CFP May 1, 2002

AHAA Sessions at CAA, New York 2003

The Association of Historians of American Art, an affiliated society of the
College Art Association, will be sponsoring 2 sessions at the 2003 CAA
Conference in NYC (Feb. 2003).

Please submit papers directly to the session co-chairs by May 10, 2002.

1) 'Strangers in the Night'?: Case Studies in Visual Culture and American
Art History

Angela Miller, Department of Art History & Archeology, Washington
University, Box 11891, St. Louis, MO 63130

This session will explore the emergent field of visual culture in relation
to the canons, disciplinary approaches, and value hierarchies of Art
History. The visual cultures of the U.S. (including animation and graphic
arts, film, advertising, medical and ! magazine illustration, neon and
billboards), are especially susceptible to such study, given their richness,
and their pronounced role in visual modernity. The newness of visual culture
studies is both a strength and a weakness, offering a critical vantage from
which to reconsider the too-often invisible manner in which Art History is
constructed as a discipline, but presenting as well a sometimes vast and
undifferentiated field of artifacts so inclusive as to overwhelm theoretical
and historical catagories.

Our purpose is not to rehash efforts to give a definitinal fixity to visual
culture, since this ends up reinventing the taxonomies of the older Art
History. Rather, we propose a series of "case studies" in how to incorporate
a broader field of visual artifacts into our classes and exhibitions. We
would also like to explore ways to historicize these artifacts and their
roles in shaping ideol! ogies, as well as their forms of circulation. Using
such case studies, what can we learn about how the realm of the visual
reinforces, qualifies, or rethinks cultural value systems. We are
particularly interested in the ways in which visual artifactsj consigned to
"non-art" status reinforce the category of "high art" therough difference.
Are there common questions that we can use to frame visual culture as a
unified fieldj, according to such poststructuralist considerations as the
mutually constitutive role of high and low art? We welcome proposals from
museum professionals, curators, museum educators, as well as academicians.

2) Reframing American Art for the Public: Current Ideas on Permanent
Collection Reinstallations

Terry Carbone, Department of American Art, Brooklyn Museum of Art, 200
Eastern Parkway, Brooklyn, NY 11238

Museum curators, museum educators, and professors of American art are
invited to submit papers on the subject of current theory and practice of
permanent installations in the field.

Who are permanent installations of American art for? If they are for the
broadest possible audience (encompassing children and adults of a diverse
range of cultural backgrounds and experience as museum visitors), how can
the varied needs of discrete segments of that audience be addressed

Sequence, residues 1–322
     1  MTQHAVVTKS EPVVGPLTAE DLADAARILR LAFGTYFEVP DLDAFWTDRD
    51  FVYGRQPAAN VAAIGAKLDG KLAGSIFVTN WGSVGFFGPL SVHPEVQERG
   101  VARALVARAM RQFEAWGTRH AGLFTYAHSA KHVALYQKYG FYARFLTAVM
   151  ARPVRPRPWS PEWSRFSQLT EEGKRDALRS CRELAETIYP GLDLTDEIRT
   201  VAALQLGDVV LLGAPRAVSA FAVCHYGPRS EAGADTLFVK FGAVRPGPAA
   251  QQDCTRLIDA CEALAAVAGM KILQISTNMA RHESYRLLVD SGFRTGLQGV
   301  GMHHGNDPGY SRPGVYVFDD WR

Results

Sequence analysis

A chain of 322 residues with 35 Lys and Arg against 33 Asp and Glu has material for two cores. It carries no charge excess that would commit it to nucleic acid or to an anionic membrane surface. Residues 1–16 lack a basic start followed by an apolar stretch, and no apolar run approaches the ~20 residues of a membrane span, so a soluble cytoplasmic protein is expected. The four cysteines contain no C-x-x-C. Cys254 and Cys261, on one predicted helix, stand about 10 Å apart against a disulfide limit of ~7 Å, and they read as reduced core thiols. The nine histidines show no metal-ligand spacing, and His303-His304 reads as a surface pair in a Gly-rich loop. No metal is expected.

effectively? How does a collection limited by the history of its collecting
parameters achieve broad appeal and embrace the interests of a wide array of
racial and ethnic communities? And to what degree should the character and
content of a traditional American collection be reframed to enhance its
reach? Is th! ere a dissenting voice amid this trend toward broad appeal?
Can any permanent collection afford to retain a tight focus that might limit
its relevance to a wide audience?

These are questions with which Americanists today must come to terms as the
challenge of intellectual and cultural accessibilty, as it is currently
conceived, is placed before them. As museum increasingly undertake
reinstallations of their permanent collections with similar goals, methods
such as mixing media (fine arts, decorative arts, material culture, and film
and video), thematic frameworks, and community involvement have become
familiar tools for reshaping the presentation of objects.

Participants in this session are asked to provide their perspectives on the
goals, methodologies, and success of recent permanent reinstallations in
which they have played a major role in organizing or have utilized in
teaching. They are aske! d to address such questions as: How can disparate
collection elements (i.e., Native American objects), which effectively
redefine the traditionally conceived notion of "American Art," be
successfully integrated? How should the level and position of a didactic
program be determined? What is the most effective way to compensate for
collection weaknesses? How do you measure the success of a permanent
reinstallation, which can offer the opportunity for ongoing dialogue in a
way that temperary exhibitions cannot?

This session ideally will address recent installations at a broad spectrum
of art museums. Collaborative papers are welcome.

For further information about the Association of Historians of American Art,
please contact:

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